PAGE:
Gallup: Americans trust their car salesmen more than Congress

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It’s official: ethical standards differ between Republicans and Democrats. An unusual Gallup poll asked respondents to rank the honesty and ethics of 22 professions; the findings reveal that party identification even influences one’s sense of trust, the pollster says.

For example, 68 percent of Republicans give “high or very high” ethical and honesty ratings to police officers, compared with 44 percent of Democrats. About 63 percent of Republicans give winning marks to clergy; 40 percent of the Democrats agree. Both parties offer applause to nurses, doctors, pharmacists and grade-school teachers.

Denizens of the political world irked both parties, however. Five percent of Republicans and 8 percent of Democrats said the members of Congress had good ethics and honesty. Car salesmen, incidentally, did better overall, trusted by 9 percent of the GOP and the same 8 percent of the Democrats. Moving right along, a mere 4 percent of Republicans and 11 percent of the Democrats said the same about lobbyists.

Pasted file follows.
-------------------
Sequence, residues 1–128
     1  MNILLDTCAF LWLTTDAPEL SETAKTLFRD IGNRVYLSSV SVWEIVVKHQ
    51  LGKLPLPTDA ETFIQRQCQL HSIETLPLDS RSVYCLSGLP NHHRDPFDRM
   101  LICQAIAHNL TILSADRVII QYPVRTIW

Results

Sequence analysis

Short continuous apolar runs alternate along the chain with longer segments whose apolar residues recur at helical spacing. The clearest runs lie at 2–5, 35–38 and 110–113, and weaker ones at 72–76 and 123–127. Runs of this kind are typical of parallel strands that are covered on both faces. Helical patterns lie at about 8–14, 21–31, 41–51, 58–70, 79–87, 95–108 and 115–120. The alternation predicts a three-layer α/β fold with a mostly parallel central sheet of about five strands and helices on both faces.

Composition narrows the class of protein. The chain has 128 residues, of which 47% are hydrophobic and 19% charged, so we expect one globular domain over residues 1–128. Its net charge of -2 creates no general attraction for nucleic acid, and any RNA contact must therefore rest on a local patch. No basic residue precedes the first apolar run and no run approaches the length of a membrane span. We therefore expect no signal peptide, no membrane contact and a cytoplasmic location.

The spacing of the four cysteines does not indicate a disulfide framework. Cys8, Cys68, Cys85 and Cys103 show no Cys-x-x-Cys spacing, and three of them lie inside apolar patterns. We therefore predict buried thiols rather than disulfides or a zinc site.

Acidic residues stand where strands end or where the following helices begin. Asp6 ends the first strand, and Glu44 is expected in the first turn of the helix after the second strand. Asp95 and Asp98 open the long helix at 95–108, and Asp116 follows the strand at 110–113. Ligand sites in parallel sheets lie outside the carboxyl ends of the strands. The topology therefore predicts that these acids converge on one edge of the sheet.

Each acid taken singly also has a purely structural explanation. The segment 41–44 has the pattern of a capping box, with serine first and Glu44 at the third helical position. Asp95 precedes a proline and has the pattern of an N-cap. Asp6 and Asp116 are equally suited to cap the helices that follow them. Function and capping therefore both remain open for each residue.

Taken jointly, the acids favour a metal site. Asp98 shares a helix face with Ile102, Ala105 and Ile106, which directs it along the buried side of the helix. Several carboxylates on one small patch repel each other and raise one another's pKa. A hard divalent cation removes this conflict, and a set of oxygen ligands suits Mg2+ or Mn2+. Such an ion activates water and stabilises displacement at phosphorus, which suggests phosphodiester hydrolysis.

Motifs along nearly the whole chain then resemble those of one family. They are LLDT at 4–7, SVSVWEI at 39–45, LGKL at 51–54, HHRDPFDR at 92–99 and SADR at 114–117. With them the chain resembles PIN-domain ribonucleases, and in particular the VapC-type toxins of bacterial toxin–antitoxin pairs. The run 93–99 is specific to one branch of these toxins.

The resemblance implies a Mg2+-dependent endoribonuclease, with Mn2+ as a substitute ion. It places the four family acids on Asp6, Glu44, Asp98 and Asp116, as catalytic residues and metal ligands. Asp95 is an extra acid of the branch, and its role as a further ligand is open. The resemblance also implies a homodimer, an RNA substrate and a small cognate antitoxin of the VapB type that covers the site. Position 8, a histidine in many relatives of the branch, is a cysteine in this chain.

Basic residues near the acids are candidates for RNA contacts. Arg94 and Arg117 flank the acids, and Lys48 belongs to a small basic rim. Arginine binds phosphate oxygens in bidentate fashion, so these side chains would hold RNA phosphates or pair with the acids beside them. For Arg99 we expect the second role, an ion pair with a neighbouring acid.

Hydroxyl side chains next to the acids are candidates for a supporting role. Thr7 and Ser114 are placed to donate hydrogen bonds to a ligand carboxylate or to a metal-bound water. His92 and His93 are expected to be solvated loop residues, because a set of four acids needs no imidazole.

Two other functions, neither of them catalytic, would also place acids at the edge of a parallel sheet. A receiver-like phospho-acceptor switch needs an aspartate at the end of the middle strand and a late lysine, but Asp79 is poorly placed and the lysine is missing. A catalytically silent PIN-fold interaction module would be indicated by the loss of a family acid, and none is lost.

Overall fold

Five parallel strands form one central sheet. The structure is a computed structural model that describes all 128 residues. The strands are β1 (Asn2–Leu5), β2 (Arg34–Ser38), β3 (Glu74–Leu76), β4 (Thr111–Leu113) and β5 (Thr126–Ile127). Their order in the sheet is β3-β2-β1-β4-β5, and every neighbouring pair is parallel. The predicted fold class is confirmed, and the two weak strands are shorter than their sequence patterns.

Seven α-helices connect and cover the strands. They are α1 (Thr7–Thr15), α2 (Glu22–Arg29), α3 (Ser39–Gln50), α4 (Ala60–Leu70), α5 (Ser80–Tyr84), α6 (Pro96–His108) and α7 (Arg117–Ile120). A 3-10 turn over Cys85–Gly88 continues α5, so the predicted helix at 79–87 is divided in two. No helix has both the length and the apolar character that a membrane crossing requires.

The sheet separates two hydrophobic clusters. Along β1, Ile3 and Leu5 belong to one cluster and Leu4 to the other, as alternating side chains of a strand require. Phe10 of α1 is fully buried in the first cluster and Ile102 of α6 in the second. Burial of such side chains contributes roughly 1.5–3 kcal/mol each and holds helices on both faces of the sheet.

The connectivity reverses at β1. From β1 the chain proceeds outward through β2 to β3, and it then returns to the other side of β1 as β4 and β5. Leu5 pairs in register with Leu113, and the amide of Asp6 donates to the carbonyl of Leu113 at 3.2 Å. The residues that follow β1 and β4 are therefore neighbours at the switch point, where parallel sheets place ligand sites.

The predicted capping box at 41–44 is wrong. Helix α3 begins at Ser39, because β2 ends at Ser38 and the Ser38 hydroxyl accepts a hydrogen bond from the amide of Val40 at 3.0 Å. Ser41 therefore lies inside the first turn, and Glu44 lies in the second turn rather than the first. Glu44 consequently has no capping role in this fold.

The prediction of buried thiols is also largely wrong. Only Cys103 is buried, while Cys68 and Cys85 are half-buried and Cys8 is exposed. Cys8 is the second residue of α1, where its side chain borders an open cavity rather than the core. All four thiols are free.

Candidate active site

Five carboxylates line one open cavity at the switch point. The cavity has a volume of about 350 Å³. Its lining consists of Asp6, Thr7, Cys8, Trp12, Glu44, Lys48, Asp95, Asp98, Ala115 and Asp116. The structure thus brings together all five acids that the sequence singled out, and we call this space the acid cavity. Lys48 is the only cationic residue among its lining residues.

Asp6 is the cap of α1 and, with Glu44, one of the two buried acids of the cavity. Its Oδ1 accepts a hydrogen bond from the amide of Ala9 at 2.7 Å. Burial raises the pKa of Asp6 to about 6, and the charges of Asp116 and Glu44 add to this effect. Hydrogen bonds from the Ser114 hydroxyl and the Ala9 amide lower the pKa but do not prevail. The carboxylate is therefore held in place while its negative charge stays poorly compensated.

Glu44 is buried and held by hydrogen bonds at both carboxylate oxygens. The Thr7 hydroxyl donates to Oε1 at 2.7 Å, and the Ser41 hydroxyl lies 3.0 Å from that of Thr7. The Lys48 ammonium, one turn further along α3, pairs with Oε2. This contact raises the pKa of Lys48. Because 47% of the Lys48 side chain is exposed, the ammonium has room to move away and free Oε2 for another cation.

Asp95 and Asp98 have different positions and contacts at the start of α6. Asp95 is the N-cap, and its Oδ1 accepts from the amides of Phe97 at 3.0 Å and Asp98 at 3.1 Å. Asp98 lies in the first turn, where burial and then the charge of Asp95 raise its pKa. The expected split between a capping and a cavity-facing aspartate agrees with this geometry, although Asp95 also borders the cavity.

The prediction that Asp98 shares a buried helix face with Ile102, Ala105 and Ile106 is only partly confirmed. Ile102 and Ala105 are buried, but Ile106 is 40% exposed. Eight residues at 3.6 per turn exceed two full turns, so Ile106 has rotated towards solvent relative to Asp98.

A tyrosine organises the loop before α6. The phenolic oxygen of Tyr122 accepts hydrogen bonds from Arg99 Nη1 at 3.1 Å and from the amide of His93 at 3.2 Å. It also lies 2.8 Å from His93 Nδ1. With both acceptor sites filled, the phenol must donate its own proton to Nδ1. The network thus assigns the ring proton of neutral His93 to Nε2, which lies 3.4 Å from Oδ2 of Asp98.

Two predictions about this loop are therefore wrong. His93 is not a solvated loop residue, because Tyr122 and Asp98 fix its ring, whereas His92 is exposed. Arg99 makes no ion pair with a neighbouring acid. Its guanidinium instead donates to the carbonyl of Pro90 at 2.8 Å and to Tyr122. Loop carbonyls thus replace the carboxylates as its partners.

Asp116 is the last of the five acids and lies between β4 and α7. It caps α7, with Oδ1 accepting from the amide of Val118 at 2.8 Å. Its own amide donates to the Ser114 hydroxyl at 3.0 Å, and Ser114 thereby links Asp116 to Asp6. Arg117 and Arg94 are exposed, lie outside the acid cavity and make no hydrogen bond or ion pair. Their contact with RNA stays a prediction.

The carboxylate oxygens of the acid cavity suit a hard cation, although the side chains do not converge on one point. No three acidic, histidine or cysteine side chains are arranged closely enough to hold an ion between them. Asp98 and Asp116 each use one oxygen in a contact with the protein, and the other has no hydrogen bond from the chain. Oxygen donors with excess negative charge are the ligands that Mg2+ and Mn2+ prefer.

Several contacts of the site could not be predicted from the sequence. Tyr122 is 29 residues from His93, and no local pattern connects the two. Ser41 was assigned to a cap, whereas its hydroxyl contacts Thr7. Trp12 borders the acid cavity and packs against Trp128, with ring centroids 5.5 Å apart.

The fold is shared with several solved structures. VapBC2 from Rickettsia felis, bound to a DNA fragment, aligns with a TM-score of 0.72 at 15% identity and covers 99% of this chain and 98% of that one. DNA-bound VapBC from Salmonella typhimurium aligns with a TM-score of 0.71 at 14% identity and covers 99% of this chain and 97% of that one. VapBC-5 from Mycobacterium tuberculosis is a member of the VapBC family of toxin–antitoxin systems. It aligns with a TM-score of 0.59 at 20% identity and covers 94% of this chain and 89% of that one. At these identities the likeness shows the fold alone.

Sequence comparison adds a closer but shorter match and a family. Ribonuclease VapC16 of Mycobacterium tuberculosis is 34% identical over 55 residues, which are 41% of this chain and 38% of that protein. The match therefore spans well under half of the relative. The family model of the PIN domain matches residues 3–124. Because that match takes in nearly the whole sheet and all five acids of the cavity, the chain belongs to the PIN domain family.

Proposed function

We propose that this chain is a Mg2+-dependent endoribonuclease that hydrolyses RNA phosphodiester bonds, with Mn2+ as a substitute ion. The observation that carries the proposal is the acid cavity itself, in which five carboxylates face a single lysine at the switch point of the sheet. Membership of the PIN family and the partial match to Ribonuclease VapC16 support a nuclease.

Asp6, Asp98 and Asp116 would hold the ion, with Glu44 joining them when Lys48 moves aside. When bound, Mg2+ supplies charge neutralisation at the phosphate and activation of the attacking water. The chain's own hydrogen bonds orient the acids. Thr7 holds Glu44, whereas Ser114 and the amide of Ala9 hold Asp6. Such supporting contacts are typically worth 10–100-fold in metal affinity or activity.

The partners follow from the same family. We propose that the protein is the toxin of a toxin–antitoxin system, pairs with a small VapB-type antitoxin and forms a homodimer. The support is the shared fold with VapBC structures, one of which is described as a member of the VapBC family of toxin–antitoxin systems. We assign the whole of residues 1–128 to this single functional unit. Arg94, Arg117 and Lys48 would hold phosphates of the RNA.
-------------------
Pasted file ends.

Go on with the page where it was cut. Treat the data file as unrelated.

Gallup analyst Jeffrey Jones says such ratings are influenced by stereotypes and real-world experience. “A third important source are news stories, particularly scandals, involving certain professions,” he notes. Yes, well. Journalists did not do well in this survey. Fifteen percent of the Republicans and 25 percent of the Democrats said TV and print media were ethical and honest.

“Americans’ political and ideological beliefs also appear to color their opinions,” Mr. Jones says. “Certainly Republican tendency to be more religious is a key factor in their more positive ratings of clergy, and Democrats generally higher trust in the news media is a factor in their ratings of news reporters.”

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